From 1 April 2018, under The Energy Efficiency (Private Rented Property)(England and Wales) Regulations 2015 (MEES Regulations), it will be unlawful for a landlord to grant a new tenancy of a sub-standard property unless an exemption has been validly registered on the PRS Exemptions Register.
A sub-standard property is a property with an EPC rating of below E.
There are various circumstances in which an exemption could apply. In this legal insight we look at situations where consent is required but cannot be obtained, where the works could result in a reduction of the market value of the property, and when a temporary exemption could apply.
If a landlord is unable to carry out works to improve the energy efficiency of a sub-standard property because the consent of a third party is required, and cannot be obtained, the landlord will be able to let the property provided that it has registered the exemption on the PRS Exemptions Register.
The situations in which this exemption may apply include where the property is let to a tenant and the landlord needs the tenant to allow it access to the demised premises to carry out works. However, the prohibition that comes in on 1 April 2018 is on granting a new tenancy of a sub-standard property. Consequently, we are unlikely to see widespread use of this exemption, in relation to tenants, for some time. It will become far more common from 1 April 2020 (for domestic properties) and 1 April 2023 (for non-domestic properties) when it becomes unlawful for a landlord to continue to let a sub-standard property unless an exemption has been validly registered.
However, other third party consent could be required. For example, from a lender, superior landlord or planning authority. Where the landlord has made "reasonable efforts" to obtain this, and it has not been forthcoming, the landlord may be able to register an exemption. In order to register the consent exemption, the landlord will need to provide copies of correspondence and documents evidencing that consent was sought, and was refused (or granted subject to a condition with which the landlord could not reasonably comply). This information must be registered before the landlord lets the property.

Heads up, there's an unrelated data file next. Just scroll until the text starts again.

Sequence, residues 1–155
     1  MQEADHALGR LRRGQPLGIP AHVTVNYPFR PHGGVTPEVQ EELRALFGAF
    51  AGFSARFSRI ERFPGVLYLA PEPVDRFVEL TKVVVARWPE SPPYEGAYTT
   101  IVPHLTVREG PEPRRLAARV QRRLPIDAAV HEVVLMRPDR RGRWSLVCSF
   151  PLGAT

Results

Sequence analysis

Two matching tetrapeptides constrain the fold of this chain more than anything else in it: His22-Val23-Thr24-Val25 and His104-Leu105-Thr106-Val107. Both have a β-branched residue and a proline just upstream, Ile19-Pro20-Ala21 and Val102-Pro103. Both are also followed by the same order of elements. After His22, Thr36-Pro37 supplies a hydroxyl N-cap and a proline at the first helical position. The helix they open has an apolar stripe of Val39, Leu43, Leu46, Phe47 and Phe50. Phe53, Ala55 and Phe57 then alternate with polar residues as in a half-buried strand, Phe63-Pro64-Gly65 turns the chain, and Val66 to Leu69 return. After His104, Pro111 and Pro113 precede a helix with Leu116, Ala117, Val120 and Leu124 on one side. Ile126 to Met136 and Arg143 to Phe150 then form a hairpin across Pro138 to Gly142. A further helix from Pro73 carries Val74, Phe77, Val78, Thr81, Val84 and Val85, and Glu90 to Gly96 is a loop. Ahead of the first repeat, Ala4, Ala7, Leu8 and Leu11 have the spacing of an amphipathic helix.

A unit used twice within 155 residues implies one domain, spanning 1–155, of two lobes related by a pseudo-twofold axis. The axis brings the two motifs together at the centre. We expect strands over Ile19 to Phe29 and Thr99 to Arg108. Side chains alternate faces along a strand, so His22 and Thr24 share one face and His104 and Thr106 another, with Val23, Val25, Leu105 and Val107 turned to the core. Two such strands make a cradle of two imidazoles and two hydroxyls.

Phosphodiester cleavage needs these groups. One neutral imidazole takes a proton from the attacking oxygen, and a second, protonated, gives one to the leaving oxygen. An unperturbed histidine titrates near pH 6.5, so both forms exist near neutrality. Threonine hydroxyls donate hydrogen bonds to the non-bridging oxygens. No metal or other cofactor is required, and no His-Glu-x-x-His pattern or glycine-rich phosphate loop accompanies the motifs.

A landlord is permitted to let a sub-standard property if a relevant energy efficiency improvement would result in a reduction of more than 5% in the market value of the property, or the building of which it forms part. The landlord must have a report from an independent surveyor setting this out, and this report must be submitted when registering the exemption. As for all exemptions, the landlord will only be able to rely upon the devaluation exemption, if it has been registered on the PRS Exemptions Register.
It is difficult to think of many cases in which energy improvement works will reduce the market value of the property. However, if the works would reduce the lettable space within the property, the market value could be affected. It will be interesting to see how widely this exemption is relied upon.
The MEES Regulations acknowledge that there are situations in which a landlord may need a grace period to enable it to comply with the legislation. The list of circumstances in which a temporary exemption can be registered is set out in regulation 33, and includes:
A landlord can only rely on a temporary exemption if it registers it on the PRS Exemptions Register. The exemption will only last for six months. After that, the landlord will either have to show and register a longer-term exemption (typically exemptions last for five years), or show that the property has an EPC rating of E or above.
A landlord will only be able to let a sub-standard property on or after 1 April 2018 if an exemption applies and has been validly registered. Action to register an exemption needs to be taken now, before the lease is granted. Once an exemption has been registered, landlords cannot sit back and relax. If a landlord is relying on a temporary exemption, it will only last for six months, so the landlord will need to consider what it needs to do to comply with the MEES Regulations after the expiry of that six month period. Even longer term exemptions will expire after five years so landlords need to diarise when they will lapse and have an action plan for ensuring that they are not in breach of the MEES Regulations. Breach could result in hefty fines and reputational damage.
TLT has a dedicated MEES hot topics page and is able to advise you on all aspects of the MEES Regulations. For details of the exemption that could apply if the landlord has undertaken all "relevant energy efficiency improvements" (or there are none that could be made) and the property still has an EPC rating of below E, see our legal insight – MEES: Have you carried out all relevant energy efficiency improvements?
Contributor: Alexandra Holsgrove Jones
This publication is intended for general guidance and represents our understanding of the relevant law and practice as at March 2018. Specific advice should be sought for specific cases. For more information see our terms & conditions.
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